Are You My Daddy?
Are You My Daddy? is not complicated at all, and if you are in the mood for (yet another) cowboy and kid story, you’ll find this book appealing.
Five-year-old Cody has an absentee dad, a rodeo rider who just can’t find time for his son. That’s why Cody’s momma, pretty Marty Thomas, divorced him. Cody is attending a father-and-son event where kids try their hand at riding a sheep, but Cody’s father never showed up. Disappointed, Cody “adopts” Joe Rawlins, 3-time world rodeo champion, to take the place of his daddy, just for this one event.
Apparently, 5-year-old children are not required to wear protective head-gear when riding a large, bucking sheep, so Cody is promptly dispatched to the cold hard ground, where he suffers a head injury, and temporary selective amnesia. When he awakens, he thinks Joe is his real father.
Tall and handsome Joe helps independent and suspicious Marty take the boy to the hospital, then, to keep from upsetting the little tyke further, Marty and Joe pretend that Joe really is Cody’s daddy, until Cody’s memory returns. Even though this was the crux of the story, I had a hard time accepting that a mom and a stranger would perpetuate such a falsehood for the “benefit” of an injured child. What if the boy had amnesia a really long time, and completely accepted this other man as his father? When Cody finally regained his memory, wouldn’t he suffer a worse trauma being told that this man was not his father after all? This wasn’t realistic to me.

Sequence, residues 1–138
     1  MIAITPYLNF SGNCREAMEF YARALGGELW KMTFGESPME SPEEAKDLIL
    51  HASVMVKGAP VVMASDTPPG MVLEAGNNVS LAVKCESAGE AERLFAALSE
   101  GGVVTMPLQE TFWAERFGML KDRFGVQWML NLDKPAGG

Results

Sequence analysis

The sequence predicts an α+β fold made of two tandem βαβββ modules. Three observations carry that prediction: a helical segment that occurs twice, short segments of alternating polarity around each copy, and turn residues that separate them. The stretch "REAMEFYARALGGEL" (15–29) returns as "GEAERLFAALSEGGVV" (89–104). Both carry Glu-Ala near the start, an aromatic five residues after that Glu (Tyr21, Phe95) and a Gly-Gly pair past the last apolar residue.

In fact, Cody’s memory doesn’t return for a long time – long enough for Joe and Marty to begin falling in love. They each have baggage – she doesn’t ever want to get involved with another cowboy, undependable lot that they are. And, Joe shamefacedly sees himself in Cody’s daddy, always on the road, thinking only of himself. Joe was on the circuit 5 years earlier, winning his third championship, when his wife and unborn son were killed in a car accident.
Joe is an appealing hero, but he does rather tend to dwell on his loss a little too much. The book is very readable; the author’s style is appealing. The story holds no surprises, but, if you are a fan of cowboys and kids, this one’s for you.